Casey Sidwell, bass player for Dragondeer, has a special relationship with Wilmington. Originally from North Carolina, his sisters live here, but one of them, Alecia Mitchell, happened to operate a live-music mainstay, The Whiskey, in downtown Wilmington for many years. “I have been coming to Wilmington to visit her since the ‘90’s,” he says, “and it is one of my very favorite cities on Earth. . . . Wilmington is a place the band really wants to tour through regularly.”
Sidwell and company, made up of Eric Halborg (vocals, guitar, harmonica), Cole Rudy (lap steel, mandolin, backing vocals) and Carl Sorensen (drums, percussion), are preparing for their return to the Port City on The Whiskey stage, Saturday, May 19. Though his sister no longer owns the venue, it’s one of Sidwell’s favorites to play today.
“I think it is one of the greatest small music rooms in the country,” he praises. Also, honestly, I know how y’all like to party in Wilmington, so the band is looking forward to a super fun show. Also, our singer is addicted to water sports—so, someone, please, take him surfing.”
Dragondeer’s soulful sounds of blues merge with their psychedelic senses and multi-genre influences. Aside from their regular tour, they’re embarking on what they call a “magical time of year”: festival season. Dragondeer has a few lined up over the summer, including several in their home state of Colorado, Blues from the Top in June and Arise Music Festival in August.
“There is nothing like playing with so many other artists,” he muses, “being around fans that are totally connected with the music, and playing outside in the sunshine or under the stars. Every year we make friends with other bands we end up hanging with at some festival. There is so much musical cross-pollination happening; it’s truly inspirational.”
Dragondeer just released their debut LP, “If You Got The Blues,” in March. They worked with producer Mark Howard, who has worked with the legendary likes of Willie Nelson, Neil Young, Bob Dylan, and Robert Plant, among others. Totally immersed in a home-recording studio in Topanga Canyon, CA, they cut the record in just over two weeks. While much of “If You Got the Blues” was written before Topanga, the setting inspired them to go even beyond what was scribed.
“We had played almost all the tunes live—in some cases for a year or two,” Sidwell clarifies, “but in the studio, almost all the tunes got massively reworked.”
Sidwell made a complete demo of “When I See You,” with a bass, drum groove and arrangement. He passed it over to Halborg, for the lyrics and melody to jive effortlessly.
“It was one of the last tunes that made it on the record,” he tells, “and maybe the one song we had never even attempted live before we recorded it. It was definitely a tune that just ‘happened’ and fell into shape quickly. Sometimes those songs that come real easy are your favorite ones.”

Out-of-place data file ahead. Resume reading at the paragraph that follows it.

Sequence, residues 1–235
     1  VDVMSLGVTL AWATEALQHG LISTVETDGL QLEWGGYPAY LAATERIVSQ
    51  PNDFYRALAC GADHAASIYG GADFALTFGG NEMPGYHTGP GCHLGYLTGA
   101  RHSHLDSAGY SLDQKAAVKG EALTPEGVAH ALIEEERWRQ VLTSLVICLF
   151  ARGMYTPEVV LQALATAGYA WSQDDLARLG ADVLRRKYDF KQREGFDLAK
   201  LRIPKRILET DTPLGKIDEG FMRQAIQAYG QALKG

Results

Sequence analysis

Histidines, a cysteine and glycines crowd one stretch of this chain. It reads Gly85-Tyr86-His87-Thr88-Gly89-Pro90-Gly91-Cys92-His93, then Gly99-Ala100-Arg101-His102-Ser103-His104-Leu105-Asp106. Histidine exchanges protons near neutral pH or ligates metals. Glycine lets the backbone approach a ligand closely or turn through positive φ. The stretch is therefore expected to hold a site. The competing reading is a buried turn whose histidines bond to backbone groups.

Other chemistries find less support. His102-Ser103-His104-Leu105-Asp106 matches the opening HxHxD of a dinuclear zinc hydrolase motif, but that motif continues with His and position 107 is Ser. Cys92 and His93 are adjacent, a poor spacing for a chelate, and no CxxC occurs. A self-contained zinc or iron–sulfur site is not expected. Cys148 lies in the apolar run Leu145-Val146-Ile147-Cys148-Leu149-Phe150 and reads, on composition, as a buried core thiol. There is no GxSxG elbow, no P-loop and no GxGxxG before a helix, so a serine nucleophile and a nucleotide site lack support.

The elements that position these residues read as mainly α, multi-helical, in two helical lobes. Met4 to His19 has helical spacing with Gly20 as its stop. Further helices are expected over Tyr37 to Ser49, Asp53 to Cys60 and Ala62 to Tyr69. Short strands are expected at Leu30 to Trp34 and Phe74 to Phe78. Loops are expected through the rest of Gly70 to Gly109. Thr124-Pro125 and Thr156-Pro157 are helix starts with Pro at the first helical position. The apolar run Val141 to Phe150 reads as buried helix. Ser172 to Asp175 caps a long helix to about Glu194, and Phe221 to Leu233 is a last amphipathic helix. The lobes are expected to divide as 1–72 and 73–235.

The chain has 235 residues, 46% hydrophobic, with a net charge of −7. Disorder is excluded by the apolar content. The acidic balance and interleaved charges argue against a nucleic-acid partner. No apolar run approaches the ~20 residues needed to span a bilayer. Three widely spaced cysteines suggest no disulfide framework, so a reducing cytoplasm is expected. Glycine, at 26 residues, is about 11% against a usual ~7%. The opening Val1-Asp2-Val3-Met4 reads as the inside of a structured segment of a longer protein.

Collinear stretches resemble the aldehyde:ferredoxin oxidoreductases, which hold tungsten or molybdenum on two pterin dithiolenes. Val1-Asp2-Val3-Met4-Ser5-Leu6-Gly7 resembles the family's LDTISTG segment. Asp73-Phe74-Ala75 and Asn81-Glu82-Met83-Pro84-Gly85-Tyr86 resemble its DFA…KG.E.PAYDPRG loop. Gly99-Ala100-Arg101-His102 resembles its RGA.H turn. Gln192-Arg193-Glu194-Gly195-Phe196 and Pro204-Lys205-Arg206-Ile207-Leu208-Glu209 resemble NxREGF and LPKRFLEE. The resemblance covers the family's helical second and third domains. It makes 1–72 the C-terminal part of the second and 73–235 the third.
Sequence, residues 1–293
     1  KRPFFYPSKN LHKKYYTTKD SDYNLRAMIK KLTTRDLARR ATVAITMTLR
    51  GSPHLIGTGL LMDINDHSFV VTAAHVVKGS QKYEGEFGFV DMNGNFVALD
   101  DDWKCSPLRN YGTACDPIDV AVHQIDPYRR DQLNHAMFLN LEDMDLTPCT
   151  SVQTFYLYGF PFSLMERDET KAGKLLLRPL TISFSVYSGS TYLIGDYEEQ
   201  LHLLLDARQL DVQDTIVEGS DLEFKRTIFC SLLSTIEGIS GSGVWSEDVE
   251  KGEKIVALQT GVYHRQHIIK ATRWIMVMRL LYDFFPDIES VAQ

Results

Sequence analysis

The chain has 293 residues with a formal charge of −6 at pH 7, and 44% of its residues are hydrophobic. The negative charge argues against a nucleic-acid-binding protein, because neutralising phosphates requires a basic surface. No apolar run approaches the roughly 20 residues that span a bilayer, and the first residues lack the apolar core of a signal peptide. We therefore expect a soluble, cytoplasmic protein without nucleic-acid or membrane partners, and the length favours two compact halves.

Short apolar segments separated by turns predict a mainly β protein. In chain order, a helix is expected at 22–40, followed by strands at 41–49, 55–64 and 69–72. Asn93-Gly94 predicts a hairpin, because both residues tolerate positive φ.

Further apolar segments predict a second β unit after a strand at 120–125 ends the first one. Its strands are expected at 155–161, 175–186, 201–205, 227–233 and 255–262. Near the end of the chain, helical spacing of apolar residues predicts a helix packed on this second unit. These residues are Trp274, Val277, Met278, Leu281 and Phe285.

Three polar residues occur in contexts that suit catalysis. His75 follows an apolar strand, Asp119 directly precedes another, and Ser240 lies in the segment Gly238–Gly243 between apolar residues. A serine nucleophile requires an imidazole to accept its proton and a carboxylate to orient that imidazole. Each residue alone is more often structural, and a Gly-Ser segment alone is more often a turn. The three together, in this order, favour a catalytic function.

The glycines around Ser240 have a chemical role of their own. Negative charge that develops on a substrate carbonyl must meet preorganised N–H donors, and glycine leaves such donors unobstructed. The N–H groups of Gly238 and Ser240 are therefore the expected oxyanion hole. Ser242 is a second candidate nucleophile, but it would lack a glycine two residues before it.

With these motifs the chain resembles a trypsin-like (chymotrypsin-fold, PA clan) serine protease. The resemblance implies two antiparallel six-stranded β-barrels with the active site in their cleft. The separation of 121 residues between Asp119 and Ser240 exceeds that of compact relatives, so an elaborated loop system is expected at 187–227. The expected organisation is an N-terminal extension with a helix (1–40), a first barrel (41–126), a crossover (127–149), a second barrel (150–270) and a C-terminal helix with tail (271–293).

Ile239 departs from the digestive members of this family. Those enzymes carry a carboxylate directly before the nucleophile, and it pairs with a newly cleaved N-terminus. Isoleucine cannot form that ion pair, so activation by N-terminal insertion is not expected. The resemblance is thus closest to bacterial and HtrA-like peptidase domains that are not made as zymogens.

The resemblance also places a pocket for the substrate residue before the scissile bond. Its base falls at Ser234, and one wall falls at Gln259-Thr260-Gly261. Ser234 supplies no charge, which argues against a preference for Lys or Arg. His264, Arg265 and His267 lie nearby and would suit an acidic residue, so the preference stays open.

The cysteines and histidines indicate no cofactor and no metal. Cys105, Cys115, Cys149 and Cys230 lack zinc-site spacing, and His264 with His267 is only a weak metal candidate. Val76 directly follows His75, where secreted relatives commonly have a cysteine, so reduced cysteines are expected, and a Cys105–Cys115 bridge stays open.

While the title track and “Believe” were written by Cole Rudy, Dragondeer’s writing process remains shared and diverse. Songs like “Believe” are pretty close to the original arrangement on the album, while others, like Halborg’s “Darkest Rocks” were fleshed out with rhythmic and textural ideas from the band and Mark Howard in the studio.
“Mark really challenged us to be the best we could be,” Sidwell says. “We tore tunes apart and put them back together—‘trimming the fat,’ as he liked to say. He made us try different things, sometimes totally changing the rhythmic feel or the vibe of a tune, but in the end we all felt great about where we ended up.”
They originally had another name in mind for the release, too, but as their musical journey together unfolded, “If You Got The Blues”—which speaks to love, friendship and sticking by someone’s side—resonated best with their experience working and growing with each other. Even now, the songs continue to evolve or pick up varied nuances on stage. Dragondeer’s platform lends itself to improvisation and added energy. “Broadway Avenue” is a good example—a fairly short blues tune that manages to become an “epic rip-fest” at a live show. It dates back to when Halborg and Rudy first started Dragondeer.
“It’s a fun anthem tribute to the band’s hometown of Denver,” Sidwell describes. “Broadway Avenue and, particularly, South Broadway are real streets in Denver with a lot of music venues. A lot of the band’s first gigs were around the South Broadway scene. It’s one of our oldest tunes (despite appearing on record for the first time a couple months ago) and feels like a song that has just stood the test of time. It’s like a snapshot of the band’s origins—and it grooves pretty nice, if you’re into that.”
Dragondeer is starting the process of a second album in the coming months. “We’re itching to get back into the studio,” Sidwell confirms.